The Laguna Medical Center Queuing Management System (QMS) is a technology-driven solution designed to optimize patient services efficiently. The primary challenge it addresses is the inefficient utilization of resources and time in managing patient queues. The QMS optimizes the patient journey, eliminating long wait times, streamlining operations, and enhancing resource allocation. Key features include automated routing, priority handling for special cases, open-source adaptability, and educational health videos. By ensuring patients receive prompt services with minimal hassle, the QMS enhances productivity, resource management, and overall patient satisfaction.
The Laguna Medical Center faced lengthy patient wait times and chaotic queues. The manual queuing system often resulted in disruptions and mismanagement of patient flow, necessitating additional administrative personnel to handle the queues.
Moreover, the lack of a structured approach adversely affected the quality of patient care, with some individuals needing timely attention due to queue disruptions or record misplacement. This undermined the medical center’s ability to efficiently serve its patients, manage resources, and maintain high healthcare standards.
The introduction of the QMS aimed to tackle the challenges by automating and streamlining the queuing process, ensuring prompt services for patients, and optimizing resource allocation, ultimately enhancing productivity and healthcare service quality.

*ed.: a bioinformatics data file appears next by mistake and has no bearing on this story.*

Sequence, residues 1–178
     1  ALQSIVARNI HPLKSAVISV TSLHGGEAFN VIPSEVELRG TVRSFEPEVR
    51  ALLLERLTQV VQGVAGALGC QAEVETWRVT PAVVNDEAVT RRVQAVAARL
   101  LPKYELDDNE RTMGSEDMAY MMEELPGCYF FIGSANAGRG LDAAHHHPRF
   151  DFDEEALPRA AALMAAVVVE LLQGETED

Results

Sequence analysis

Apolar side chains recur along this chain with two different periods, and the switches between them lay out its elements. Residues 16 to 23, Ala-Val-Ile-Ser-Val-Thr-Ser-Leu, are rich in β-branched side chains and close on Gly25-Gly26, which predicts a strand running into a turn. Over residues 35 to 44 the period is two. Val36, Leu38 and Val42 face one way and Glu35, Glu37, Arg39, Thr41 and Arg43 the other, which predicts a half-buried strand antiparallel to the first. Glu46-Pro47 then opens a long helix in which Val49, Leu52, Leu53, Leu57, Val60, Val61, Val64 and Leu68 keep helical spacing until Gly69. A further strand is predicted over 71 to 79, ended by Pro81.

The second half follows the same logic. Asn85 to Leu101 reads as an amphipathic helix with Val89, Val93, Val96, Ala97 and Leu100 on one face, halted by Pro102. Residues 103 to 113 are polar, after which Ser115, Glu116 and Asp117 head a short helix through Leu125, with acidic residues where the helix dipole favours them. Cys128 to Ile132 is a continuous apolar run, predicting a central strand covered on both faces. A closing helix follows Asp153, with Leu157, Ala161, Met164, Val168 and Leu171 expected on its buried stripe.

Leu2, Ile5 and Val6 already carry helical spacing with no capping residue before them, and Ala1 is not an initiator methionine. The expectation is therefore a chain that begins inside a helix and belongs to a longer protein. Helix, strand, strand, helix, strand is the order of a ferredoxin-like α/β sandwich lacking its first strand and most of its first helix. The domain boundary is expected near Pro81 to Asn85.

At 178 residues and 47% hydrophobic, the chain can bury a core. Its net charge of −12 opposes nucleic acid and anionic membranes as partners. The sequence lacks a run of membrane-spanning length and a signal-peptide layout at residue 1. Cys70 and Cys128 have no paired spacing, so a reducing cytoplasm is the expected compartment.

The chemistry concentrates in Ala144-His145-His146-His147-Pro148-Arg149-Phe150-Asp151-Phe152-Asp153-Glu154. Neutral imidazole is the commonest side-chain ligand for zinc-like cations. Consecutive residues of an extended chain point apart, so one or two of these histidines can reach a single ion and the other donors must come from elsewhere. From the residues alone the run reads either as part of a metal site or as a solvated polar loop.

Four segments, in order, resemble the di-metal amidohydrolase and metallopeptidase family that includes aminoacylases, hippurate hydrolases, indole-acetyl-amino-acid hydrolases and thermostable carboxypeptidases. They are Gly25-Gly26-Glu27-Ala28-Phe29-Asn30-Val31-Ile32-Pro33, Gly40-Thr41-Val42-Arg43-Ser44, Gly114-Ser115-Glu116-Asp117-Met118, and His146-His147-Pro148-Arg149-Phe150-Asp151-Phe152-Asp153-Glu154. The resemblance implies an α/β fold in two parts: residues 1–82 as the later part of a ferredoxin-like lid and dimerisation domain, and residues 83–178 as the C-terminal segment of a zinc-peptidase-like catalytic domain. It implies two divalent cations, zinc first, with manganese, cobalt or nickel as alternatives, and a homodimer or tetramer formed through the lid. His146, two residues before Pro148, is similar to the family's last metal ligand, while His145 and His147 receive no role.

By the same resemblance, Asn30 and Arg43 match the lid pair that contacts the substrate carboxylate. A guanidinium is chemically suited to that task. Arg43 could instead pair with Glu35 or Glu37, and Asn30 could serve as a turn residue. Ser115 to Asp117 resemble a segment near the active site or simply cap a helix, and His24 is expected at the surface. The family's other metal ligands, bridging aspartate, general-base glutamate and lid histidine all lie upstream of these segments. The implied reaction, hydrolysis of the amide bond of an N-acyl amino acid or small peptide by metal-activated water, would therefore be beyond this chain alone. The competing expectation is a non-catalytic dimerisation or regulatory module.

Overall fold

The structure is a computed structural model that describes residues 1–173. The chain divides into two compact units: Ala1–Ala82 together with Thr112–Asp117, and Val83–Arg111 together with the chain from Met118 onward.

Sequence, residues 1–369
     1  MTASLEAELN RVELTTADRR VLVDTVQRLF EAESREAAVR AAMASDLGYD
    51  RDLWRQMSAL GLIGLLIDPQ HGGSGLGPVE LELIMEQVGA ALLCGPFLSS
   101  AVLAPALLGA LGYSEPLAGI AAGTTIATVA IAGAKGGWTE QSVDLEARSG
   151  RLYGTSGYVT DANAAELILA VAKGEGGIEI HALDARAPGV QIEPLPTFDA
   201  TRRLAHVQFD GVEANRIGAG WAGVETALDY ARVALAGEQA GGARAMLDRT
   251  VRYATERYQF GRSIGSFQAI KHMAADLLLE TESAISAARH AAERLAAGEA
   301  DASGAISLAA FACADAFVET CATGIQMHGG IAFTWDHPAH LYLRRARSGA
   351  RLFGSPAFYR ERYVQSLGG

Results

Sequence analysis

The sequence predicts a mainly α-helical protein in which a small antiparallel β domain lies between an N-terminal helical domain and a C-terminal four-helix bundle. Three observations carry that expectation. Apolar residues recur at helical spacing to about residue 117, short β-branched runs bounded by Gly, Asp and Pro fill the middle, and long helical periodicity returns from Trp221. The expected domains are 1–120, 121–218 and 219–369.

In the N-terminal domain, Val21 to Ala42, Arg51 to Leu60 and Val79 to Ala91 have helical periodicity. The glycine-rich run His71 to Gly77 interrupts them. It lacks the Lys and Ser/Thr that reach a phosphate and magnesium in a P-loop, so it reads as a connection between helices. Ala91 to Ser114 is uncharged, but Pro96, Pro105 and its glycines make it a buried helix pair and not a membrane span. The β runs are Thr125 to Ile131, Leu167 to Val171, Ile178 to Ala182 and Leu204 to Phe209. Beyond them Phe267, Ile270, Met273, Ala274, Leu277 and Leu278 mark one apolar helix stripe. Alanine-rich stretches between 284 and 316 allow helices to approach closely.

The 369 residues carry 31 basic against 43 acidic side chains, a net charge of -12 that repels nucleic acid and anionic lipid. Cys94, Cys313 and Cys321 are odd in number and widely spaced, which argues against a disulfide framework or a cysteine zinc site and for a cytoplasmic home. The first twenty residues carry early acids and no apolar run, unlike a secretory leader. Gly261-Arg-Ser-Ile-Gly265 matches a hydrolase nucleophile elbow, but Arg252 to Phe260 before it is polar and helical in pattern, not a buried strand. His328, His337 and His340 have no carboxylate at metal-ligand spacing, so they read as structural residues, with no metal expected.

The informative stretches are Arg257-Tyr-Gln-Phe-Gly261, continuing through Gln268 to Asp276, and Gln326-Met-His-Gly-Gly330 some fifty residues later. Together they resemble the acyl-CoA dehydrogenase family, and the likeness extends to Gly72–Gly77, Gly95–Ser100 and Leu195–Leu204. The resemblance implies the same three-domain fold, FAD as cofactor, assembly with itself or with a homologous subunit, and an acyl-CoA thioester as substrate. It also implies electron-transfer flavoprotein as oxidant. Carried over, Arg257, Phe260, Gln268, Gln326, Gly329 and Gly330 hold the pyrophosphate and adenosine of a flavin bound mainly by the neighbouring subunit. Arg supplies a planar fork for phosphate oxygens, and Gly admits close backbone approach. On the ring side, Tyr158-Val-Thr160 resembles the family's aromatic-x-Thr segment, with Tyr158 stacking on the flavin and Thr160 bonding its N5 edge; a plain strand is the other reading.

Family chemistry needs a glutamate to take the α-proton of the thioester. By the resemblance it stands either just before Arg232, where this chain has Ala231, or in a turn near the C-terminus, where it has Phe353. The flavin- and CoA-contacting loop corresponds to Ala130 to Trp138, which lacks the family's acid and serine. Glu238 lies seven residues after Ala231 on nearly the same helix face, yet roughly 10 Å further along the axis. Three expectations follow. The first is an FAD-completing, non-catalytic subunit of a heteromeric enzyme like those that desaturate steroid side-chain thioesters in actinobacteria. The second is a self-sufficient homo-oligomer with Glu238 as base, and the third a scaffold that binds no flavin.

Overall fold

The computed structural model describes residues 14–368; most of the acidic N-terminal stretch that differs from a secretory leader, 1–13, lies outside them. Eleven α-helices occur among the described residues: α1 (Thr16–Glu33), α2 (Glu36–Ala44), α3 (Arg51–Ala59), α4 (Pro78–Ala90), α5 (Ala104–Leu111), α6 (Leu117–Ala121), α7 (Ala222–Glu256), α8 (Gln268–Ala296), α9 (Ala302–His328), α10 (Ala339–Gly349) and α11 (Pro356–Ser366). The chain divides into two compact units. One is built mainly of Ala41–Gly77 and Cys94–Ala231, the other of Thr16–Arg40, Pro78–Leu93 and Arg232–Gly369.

Its key features and innovations include:
Automated Routing: Unlike traditional queuing systems that require patients to obtain a new ticket for each service, the QMS utilizes advanced routing. Once patients receive their initial ticket, they are automatically directed to subsequent services based on their previous ticket number, eliminating the need for constant returns to the ticket booth, reducing wait times, and streamlining the process.
Priority Flagging: The QMS enables operators to prioritize patients based on their specific needs, such as individuals with disabilities. This ensures that vulnerable patients receive more convenient and efficient service, demonstrating a commitment to inclusivity and improved patient care.
Open Source Software: One remarkable aspect of this system is its use of open-source software. This allows for easy replication and modification by other developers and institutions, making it adaptable for similar queuing management needs across various organizations.
Smaller File Size: The QMS boasts smaller files compared to similar systems, facilitating replication in other offices and institutions while reducing hardware and software resource requirements.
Educational Health Videos: The QMS goes beyond mere queue management by incorporating the innovative feature of playing educational health videos while patients wait, providing patients with essential health knowledge and encouraging healthier lifestyles.
Productivity Gains, Outcomes, and Impact
According to Randolf Abadier Jr., Assistant Systems Administrator, the QMS streamlined patient flow by automating routing, reducing the time patients spend in queues from more than an hour to 15 minutes, and enhancing service efficiency. The system seamlessly assigns patient ticket numbers and routes them to the appropriate departments, preventing long waits and disruptions.
Crystal Jade Gache, a Social Worker, highlighted that the QMS effectively controls the number of people entering the office, ensuring manageable client interviews for better time management. Patients no longer endure long, chaotic lines but can sit comfortably, knowing the system will notify them when it’s their turn.